We all remember courtroom trials when the bad guy got away or the good guy got sent away.
It irks us.
Occasionally a judge is paid off or a jury is manipulated or evidence is suppressed, and a murderer walks. It’s wrong, and infuriating.
In many ways it’s worse when they put the wrong guy in jail, though, especially if his accusers frame him because of envy or greed, or to protect their reputations.
There’s no court case that can rival this one, however.
They put the holy and innocent and completely righteous Son of God on trial and pronounced him guilty.
No greater travesty ever occurred.
And they led Jesus to the high priest. And all the chief priests and the elders and the scribes came together. . . . Now the chief priests and the whole council were seeking testimony against Jesus to put him to death, but they found none. For many bore false witness against him, but their testimony did not agree. And some stood up and bore false witness against him, saying, “We heard him say, ‘I will destroy this temple that is made with hands, and in three days I will build another, not made with hands.’ ” Yet even about this their testimony did not agree. And the high priest stood up in the midst and asked Jesus, “Have you no answer to make? What is it that these men testify against you?” But he remained silent and made no answer. Again the high priest asked him, “Are you the Christ, the Son of the Blessed?” And Jesus said, “I am, and you will see the Son of Man seated at the right hand of Power, and coming with the clouds of heaven.” And the high priest tore his garments and said, “What further witnesses do we need? You have heard his blasphemy. What is your decision?” And they all condemned him as deserving death. And some began to spit on him and to cover his face and to strike him, saying to him, “Prophesy!” And the guards received him with blows (Mark 14:53, 55-65).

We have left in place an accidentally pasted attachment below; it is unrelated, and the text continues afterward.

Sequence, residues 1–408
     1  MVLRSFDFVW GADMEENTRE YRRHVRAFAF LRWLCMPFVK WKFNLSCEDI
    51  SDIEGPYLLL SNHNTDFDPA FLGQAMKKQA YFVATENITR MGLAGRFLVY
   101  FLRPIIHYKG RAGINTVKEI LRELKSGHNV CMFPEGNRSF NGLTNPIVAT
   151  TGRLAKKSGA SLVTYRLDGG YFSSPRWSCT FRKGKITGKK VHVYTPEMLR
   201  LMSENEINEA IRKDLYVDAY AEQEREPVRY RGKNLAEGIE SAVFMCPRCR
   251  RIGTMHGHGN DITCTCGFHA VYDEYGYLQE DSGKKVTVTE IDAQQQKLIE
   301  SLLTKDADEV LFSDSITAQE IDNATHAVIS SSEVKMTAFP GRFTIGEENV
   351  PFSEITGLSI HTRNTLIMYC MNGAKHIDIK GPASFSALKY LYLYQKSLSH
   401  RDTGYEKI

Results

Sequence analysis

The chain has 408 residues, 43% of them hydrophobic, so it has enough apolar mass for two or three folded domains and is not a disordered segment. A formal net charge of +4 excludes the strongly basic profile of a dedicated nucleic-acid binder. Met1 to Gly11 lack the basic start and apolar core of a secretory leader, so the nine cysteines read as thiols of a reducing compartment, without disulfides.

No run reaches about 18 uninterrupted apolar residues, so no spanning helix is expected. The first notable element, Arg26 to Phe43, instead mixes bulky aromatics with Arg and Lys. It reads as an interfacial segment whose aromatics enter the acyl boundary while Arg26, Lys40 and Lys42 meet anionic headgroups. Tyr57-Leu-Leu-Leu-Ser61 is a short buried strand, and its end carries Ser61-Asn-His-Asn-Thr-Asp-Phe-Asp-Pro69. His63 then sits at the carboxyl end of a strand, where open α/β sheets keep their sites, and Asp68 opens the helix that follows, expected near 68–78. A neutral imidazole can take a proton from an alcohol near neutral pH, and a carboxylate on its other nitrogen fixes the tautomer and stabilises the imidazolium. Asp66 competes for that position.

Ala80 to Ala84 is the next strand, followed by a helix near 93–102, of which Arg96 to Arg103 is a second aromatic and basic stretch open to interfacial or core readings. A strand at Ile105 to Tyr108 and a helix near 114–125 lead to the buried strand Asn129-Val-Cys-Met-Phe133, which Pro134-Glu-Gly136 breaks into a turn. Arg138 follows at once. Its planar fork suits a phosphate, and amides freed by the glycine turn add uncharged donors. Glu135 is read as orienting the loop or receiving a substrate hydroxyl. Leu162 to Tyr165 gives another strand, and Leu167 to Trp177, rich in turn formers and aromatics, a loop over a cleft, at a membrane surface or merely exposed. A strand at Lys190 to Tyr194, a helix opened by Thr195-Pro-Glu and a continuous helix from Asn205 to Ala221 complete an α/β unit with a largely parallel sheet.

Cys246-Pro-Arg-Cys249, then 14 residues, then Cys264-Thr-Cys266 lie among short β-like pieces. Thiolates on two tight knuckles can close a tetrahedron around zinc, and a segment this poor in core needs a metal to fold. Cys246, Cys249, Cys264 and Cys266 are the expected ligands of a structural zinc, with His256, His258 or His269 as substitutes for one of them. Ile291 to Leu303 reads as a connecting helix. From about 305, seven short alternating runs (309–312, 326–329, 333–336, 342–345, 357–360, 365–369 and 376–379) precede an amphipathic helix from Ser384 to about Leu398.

You’ve probably heard all the reasons this trial was a sham.
Trials couldn’t be held at night, and verdicts in capital cases couldn’t be reached until the second day. Witnesses must be warned to relate only true, firsthand testimony. Trials couldn’t be held in the palace of the high priest. And so on.
That’s just a sample of the laws that were broken when they put God on trial.
But that’s not the worst part.
Jesus never sinned, not once. He never fell short in the slightest way, and he was being tried by people who had made a mockery of God’s law.
Imagine the scene: sinners accuse God of a crime worthy of death. People who deserved to die pronounce a death sentence on the One who would die to save his accusers.
Throughout the whole ordeal Jesus stood firm.
He never wavered, using the expression “I am” perhaps to identify himself with the divine name of Exodus 3:14 (“I am who I am”).
What was the worst part of the cross for Jesus?
Was it a Judas’ betrayal?
His friends’ abandonment?
Or was it perhaps hearing people he loved lie and cheat and blaspheme so they’d have some kind of pretense to execute him?
It’s interesting, though. Jesus was tried and declared guilty so he could declare us innocent.
The innocent received the death penalty so the guilty could walk.
You’ll never find a prettier picture of grace.